There are still nine troops, family members, civilians and other Defense Department-affiliated personnel being treated for coronavirus in South Korea , U.S. Forces Korea’s commanders told reporters Friday, with 55 under self-quarantine, down from 77 several weeks ago.

The command sprung into action in late January, as cases multiplied exponentially in the city of Daegu near four Army posts. Recommendations and precautions have involved self-isolation and social distancing, along testing personnel in the early days of the outbreaks, Army Gen. Robert Abrams said in a video briefing from Camp Humphreys.

“Out of a population of 58,000 people that touches U.S. forces daily, that’s a pretty low number,” Abrams said.

The diagnosed number includes one service member, four dependents and four South Korean civilian employees.

Abrams applauded his command’s response and its role countering the spread, even as Daegu’s outbreak has grown into the thousands.

“We’ve all embraced strict proper hygiene procedures that all of you by now have heard a hundred times. But, believe me, they work,” he said.

In the U.S., numbers have been multiplying by the day, with clusters in the Seattle area, California, New York City, Georgia, Florida and more.

The CDC is reporting about 1,200 cases nationwide, more than twice as many as had been reported a week earlier.

“I’ve told everyone, if you want to kill this virus, it requires a fundamental change in lifestyle,” Abrams said. He added he took an afternoon off when he felt ill in February, but that his symptoms didn’t persist and he has not been tested.

To date, USFK has tested 145 members of its community, according to Abrams, with a mix of the test offered by the Korea Centers for Disease Control and Prevention and an in-house system that arrived to his command two weeks ago.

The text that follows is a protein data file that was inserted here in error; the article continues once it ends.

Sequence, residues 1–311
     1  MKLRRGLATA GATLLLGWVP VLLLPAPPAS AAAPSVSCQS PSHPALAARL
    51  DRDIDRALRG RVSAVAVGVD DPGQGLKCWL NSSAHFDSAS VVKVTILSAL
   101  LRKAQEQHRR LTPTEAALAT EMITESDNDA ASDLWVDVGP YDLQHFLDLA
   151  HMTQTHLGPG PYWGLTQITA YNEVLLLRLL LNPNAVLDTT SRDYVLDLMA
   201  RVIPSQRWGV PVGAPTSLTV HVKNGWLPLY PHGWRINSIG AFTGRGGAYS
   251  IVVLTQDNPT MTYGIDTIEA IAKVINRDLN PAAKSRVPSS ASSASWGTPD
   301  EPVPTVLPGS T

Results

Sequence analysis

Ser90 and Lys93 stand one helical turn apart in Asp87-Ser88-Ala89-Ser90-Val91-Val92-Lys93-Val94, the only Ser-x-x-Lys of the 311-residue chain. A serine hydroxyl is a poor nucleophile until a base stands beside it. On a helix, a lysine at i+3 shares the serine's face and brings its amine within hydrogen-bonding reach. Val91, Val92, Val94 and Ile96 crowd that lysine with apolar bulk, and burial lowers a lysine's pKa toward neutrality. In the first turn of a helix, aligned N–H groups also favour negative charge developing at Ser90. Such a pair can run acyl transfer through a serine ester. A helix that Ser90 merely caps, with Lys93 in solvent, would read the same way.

“In many cases, we know that they were taking USFK samples and pushing them up higher in the queue to make sure we got the results back,” he said of South Korean public health officials.

A Food and Drug Administration-approved test, required for U.S. citizens assigned to USFK, arrived at Camp Humphreys on March 3 and went operational four days later, Abrams said.

Today, he added, more than 189,000 South Koreans have been tested for coronavirus, and the effort has swelled from 5,000 tests a day three weeks ago to 18,000 today.

“We can get as many tested as necessary,” he said, including drive-in testing centers for South Korean nationals.

Wait and see

As USFK works to contain the spread of the virus, DoD announced on Wednesday a two-month hold on all permanent change-of-station or temporary duty travel in or out of overseas hotspots, grounding hundreds of troops and families who who had been planning international travel.

Many of them are stuck in places like Korea, Italy and Germany after having packed up and shipped their personal items and moved out of their housing.

Per a memo issued Wednesday by Defense Secretary Mark Esper, local commanders are authorized to distribute emergency funds, per diems and other relief to help those troops cover their housing and other expenses while they wait for the freeze to lift on May 12.

Meghann Myers is the Pentagon bureau chief at Military Times. She covers operations, policy, personnel, leadership and other issues affecting service members.

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